Hello everyone! It’s time for another blog post, and today I’m going to write all about…the scary shit you can find here in my country! Hahaha. Thanks to the person who gave me the idea, you know who you are ^ ^
I haven’t written about all of them of course, simply because there are too many. I’ve only written about the ones I like most or I find the most interesting.
Trivia: I’m interested in this sort of stuff because when I was a kid, my classmates used to tease me that I was one of the aswang. For those who don’t know, the aswang are vampire-like creatures in Philippine folklore. They look physically human, but have strange eyes and sharp teeth and can shape-shift and perform some degree of mind control or influence. I promise I’m 100% human, though!
Read on to find out why they say “it’s more fun in the Philippines!” Have fun. 🙂
Santelmo is a ball of fire, much like a will-o-the-wisp. It usually chases people around in the forest at night and makes them lost. It’s also a bad omen, signifying death or natural disaster. Of course, this could just be swamp gas, but let’s go with the supernatural explanation for now.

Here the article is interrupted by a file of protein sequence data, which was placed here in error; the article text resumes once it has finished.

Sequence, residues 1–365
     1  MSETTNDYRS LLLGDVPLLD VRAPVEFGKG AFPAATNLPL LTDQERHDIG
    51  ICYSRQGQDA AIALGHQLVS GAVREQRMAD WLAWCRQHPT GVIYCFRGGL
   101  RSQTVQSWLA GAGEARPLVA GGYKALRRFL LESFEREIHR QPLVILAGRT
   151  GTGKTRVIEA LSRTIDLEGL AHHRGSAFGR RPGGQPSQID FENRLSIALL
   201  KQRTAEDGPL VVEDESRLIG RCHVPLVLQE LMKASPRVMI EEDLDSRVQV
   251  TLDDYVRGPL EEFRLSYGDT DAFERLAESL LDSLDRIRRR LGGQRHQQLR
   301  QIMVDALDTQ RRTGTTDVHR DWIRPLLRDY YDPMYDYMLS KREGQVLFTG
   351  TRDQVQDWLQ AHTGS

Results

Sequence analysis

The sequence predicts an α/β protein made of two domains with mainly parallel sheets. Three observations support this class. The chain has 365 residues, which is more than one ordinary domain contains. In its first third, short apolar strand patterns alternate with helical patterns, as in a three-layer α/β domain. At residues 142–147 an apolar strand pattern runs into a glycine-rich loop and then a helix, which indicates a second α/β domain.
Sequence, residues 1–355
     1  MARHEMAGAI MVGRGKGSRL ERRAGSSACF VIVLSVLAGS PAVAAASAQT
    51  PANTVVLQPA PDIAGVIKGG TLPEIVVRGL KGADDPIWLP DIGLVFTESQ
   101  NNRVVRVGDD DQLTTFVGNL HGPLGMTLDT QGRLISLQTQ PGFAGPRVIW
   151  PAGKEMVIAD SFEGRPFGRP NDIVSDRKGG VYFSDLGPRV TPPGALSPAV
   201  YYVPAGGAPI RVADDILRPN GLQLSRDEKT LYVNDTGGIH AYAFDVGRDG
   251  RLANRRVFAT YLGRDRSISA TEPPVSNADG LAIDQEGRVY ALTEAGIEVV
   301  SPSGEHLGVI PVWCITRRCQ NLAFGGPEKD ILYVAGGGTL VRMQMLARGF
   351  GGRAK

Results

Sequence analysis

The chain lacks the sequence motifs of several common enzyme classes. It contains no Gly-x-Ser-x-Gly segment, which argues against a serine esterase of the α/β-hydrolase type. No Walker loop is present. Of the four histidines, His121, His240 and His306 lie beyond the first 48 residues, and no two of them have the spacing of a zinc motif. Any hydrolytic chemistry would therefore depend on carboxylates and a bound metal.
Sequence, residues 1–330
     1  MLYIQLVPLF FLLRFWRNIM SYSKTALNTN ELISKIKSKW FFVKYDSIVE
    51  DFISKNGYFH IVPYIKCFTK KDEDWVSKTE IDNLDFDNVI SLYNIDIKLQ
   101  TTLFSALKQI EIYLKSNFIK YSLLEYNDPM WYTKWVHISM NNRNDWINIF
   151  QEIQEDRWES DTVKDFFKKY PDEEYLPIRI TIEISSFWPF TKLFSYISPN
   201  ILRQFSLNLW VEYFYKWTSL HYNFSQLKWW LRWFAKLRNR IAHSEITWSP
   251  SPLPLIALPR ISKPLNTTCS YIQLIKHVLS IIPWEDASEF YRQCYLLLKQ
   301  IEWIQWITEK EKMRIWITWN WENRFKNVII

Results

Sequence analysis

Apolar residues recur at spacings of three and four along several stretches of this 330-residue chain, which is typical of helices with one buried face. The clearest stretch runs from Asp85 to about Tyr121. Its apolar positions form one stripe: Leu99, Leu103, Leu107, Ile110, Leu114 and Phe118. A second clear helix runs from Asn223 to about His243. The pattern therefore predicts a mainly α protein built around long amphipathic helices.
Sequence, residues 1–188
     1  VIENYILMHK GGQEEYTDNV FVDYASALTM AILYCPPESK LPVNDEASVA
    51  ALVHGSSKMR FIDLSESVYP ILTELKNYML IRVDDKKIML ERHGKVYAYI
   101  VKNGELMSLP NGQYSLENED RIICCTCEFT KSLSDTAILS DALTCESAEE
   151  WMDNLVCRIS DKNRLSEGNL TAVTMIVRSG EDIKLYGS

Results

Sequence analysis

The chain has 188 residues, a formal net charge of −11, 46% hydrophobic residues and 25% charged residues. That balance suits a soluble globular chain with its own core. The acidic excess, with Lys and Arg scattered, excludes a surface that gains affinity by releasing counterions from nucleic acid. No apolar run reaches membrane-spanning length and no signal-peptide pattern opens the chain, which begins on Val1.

White ladies are spirits of dead women who want to avenge their deaths. They are usually quiet and still, although they can cause accidents when suddenly appearing in front of cars, beside people in stairways, etc.
Tiyanak are babies who were aborted or died before being baptized. You can hear them at night while walking in the forest, crying like human infants. They look like cute, cuddly babies at first – but as soon as you pick them up, they transform into monsters and eat you alive.
Manananggal are beautiful women by day. But by night, they shed the lower half of their body, sprout bat wings and talons, grow fangs and a forked tongue, and have blazing red eyes. They victimize pregnant women by penetrating their bellies with their pointed tongues and sucking the fetus out.
Similar to a mananaggal, a wakwak or tiktik is a creature that loves feeding on a victim’s visceral organs or unborn fetuses. It makes a peculiar sound – either like flapping wings, or a high-pitched ‘tik tik’ cry. When it’s far away, its cry is louder, and when it’s near its victim, it sounds fainter. The fleeing of a wakwak will also indicate the presence of manananggal or other aswang nearby.